According to some Christian outlooks we were made for another world. Perhaps, rather, we were made for this world to recreate, reclaim, redeem, and renew unto God's future aspiration by the power of His Spirit. - R.E. Slater
Secularization theory has been massively falsified. We don't live in an age of secularity. We live in an age of explosive, pervasive religiosity... an age of religious pluralism. - Peter L. Berger
Exploring the edge of life and faith in a post-everything world. - Todd Littleton
I don't need another reason to believe, your love is all around for me to see. – anon
Thou art our need; and in giving us more of thyself thou givest us all. - Khalil Gibran, Prayer XXIII
Be careful what you pretend to be. You become what you pretend to be. - Kurt Vonnegut
Religious beliefs, far from being primary, are often shaped and adjusted by our social goals. - Jim Forest
People, even more than things, need to be restored, renewed, revived, reclaimed, and redeemed; never throw out anyone. – anon
Certainly God's love has made fools of us all. - R.E. Slater
An apocalyptic Christian faith doesn't wait for Jesus to come, but for Jesus to become in our midst. - R.E. Slater
Christian belief in God begins with the cross and resurrection of Jesus, not with rational apologetics. - Eberhard Jüngel, Jürgen Moltmann
Our knowledge of God is through the 'I-Thou' encounter, not in finding God at the end of a syllogism or argument. There is a grave danger in any Christian treatment of God as an object. The God of Jesus Christ and Scripture is irreducibly subject and never made as an object, a force, a power, or a principle that can be manipulated. - Emil Brunner
Ehyeh Asher Ehyeh means "I will be that who I have yet to become." - God (Ex 3.14)
Our job is to love others without stopping to inquire whether or not they are worthy. - Thomas Merton
The church is God's world-changing social experiment of bringing unlikes and differents to the Eucharist/Communion table to share life with one another as a new kind of family. When this happens we show to the world what love, justice, peace, reconciliation, and life together is designed by God to be. The church is God's show-and-tell for the world to see how God wants us to live as a blended, global, polypluralistic family united with one will, by one Lord, and baptized by one Spirit. – anon
The cross that is planted at the heart of the history of the world cannot be uprooted. - Jacques Ellul
The Unity in whose loving presence the universe unfolds is inside each person as a call to welcome the stranger, protect animals and the earth, respect the dignity of each person, think new thoughts, and help bring about ecological civilizations. - John Cobb & Farhan A. Shah
If you board the wrong train it is of no use running along the corridors of the train in the other direction. - Dietrich Bonhoeffer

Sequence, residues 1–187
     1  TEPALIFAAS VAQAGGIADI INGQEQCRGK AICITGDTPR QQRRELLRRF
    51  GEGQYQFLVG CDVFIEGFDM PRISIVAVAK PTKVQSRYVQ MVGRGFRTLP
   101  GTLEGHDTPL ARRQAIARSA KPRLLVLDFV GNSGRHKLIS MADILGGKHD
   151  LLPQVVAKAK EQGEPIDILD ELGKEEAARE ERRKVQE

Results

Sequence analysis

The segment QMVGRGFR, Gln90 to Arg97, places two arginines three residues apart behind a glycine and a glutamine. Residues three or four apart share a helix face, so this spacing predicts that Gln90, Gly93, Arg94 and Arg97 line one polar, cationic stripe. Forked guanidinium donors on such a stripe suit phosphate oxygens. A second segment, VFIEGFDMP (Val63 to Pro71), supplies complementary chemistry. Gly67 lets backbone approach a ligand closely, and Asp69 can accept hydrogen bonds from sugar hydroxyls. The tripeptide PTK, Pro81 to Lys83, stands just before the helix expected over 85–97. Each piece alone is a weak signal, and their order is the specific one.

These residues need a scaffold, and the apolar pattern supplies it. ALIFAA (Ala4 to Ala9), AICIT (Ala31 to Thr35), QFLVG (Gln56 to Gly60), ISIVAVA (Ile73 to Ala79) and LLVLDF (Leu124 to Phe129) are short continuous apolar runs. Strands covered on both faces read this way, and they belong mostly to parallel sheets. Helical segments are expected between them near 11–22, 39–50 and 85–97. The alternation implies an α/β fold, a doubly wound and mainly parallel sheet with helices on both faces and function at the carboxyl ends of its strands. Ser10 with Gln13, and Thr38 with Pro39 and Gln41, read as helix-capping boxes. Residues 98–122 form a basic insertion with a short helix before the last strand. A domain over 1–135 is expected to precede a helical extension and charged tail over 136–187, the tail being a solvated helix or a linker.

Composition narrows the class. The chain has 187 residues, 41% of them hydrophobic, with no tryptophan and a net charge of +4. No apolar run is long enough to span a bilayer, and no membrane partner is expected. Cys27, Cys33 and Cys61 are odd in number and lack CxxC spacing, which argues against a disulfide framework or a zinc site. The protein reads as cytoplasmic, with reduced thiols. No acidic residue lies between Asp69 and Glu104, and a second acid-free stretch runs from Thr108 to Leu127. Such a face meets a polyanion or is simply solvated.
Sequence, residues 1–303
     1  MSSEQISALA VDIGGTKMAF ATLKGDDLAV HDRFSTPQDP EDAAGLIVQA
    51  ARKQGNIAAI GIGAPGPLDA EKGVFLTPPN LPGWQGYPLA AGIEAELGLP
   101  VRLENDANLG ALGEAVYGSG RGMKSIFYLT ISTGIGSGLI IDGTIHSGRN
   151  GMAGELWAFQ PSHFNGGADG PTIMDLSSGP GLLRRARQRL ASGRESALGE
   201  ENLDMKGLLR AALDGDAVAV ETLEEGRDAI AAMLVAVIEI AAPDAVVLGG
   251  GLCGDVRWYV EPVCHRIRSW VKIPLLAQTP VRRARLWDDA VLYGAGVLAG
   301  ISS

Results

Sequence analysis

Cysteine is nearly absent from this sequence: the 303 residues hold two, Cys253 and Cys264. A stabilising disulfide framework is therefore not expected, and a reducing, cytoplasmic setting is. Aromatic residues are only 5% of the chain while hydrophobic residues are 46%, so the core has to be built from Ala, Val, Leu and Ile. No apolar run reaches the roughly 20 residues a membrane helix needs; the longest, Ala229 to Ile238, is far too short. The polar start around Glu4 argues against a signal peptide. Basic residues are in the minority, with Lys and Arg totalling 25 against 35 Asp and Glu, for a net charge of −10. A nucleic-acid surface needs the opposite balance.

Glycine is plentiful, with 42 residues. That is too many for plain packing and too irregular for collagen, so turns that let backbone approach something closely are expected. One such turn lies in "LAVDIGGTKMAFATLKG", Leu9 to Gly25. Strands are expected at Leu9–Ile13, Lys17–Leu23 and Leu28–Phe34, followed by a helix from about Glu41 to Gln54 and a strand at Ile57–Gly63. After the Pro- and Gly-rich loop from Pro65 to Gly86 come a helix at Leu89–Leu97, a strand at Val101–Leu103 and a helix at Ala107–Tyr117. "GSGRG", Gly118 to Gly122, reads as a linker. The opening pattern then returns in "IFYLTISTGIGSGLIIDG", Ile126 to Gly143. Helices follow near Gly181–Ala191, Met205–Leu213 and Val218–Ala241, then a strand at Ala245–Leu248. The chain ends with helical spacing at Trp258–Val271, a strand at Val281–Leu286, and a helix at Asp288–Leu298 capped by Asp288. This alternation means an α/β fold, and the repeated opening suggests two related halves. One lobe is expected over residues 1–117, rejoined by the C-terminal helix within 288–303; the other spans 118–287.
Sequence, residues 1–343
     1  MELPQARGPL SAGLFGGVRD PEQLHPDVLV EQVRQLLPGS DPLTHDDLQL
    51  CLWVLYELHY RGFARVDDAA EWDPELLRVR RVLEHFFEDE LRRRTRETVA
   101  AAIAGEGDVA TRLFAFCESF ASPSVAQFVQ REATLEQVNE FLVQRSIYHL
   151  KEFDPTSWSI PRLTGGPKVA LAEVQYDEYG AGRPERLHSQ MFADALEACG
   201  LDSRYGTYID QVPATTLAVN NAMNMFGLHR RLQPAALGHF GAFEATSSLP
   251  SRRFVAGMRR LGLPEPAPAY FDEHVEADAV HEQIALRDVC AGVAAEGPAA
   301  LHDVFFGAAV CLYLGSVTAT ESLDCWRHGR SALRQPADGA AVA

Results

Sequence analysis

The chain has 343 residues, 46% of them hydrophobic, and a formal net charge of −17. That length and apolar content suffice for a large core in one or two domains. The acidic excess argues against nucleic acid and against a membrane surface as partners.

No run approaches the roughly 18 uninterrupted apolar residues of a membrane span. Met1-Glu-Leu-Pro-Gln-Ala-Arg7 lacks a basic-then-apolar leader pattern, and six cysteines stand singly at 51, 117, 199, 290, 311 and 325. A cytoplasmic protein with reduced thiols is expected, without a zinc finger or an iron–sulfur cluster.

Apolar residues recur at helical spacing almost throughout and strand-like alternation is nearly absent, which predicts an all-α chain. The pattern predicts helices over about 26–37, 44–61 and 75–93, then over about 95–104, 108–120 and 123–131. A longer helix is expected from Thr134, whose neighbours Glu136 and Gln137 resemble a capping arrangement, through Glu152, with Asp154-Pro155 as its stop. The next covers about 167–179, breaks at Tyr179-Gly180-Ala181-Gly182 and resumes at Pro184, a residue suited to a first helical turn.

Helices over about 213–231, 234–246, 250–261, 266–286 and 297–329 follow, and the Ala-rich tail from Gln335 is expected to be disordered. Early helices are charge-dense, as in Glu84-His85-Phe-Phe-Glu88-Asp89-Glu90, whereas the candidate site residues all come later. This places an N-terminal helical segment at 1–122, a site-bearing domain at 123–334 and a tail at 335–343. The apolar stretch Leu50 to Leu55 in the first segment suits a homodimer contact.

God's justice is restorative rather than punitive; His discipline is merciful rather than punishing; His power is made perfect in weakness; and His grace is sufficient for all. – anon
Our little [biblical] systems have their day; they have their day and cease to be. They are but broken lights of Thee, and Thou, O God art more than they. - Alfred Lord Tennyson

Saturday, April 8, 2017

R.E. Slater - The Ever-Promise of Palm and Easter Sundays


Jesus enters Jerusalem 

Almighty and everlasting God, who, of thy tender love toward mankind hast sent thy Son, our Savior Jesus Christ, to take upon him our flesh, and to suffer death upon the cross, that all mankind should follow the example of his great humility: Mercifully grant that we may both follow the example of his patience and also be made partakers of his resurrection; through the same Jesus Christ our Lord. Amen. - The Methodist Church, Book of Worship for Church and Home (1965)

As a little boy I came to especially love Palm Sunday and Easter Sunday. On these high, holy days of the church's calendar year I would witness the depth and richness of the church's traditions - the beautiful worship ceremonies that accompanied the prayers and bible readings on those days with great songs of rejoicing and thanksgiving. By now the winter sun had been replaced with the warming breezes of spring laden with birdsong filling the air and with the boyish promise of a beautiful year ahead. My spirits soared during these days and as much as I loved Christmas (as all good Swedes do) I came to realize that Christmas led to Easter; that a baby's birth led to crucifixion; that an Incarnate God would sacrifice Himself for man's deep sins. A sacrifice that became both God's "Christmas-present" and life-giving "Easter-sustenance" to any penitent willing to abandon self and find all in the Messiah Christ come as atoning Lamb to the altar of God's mercy and forgiveness.

Jesus speaks to old men, women, and children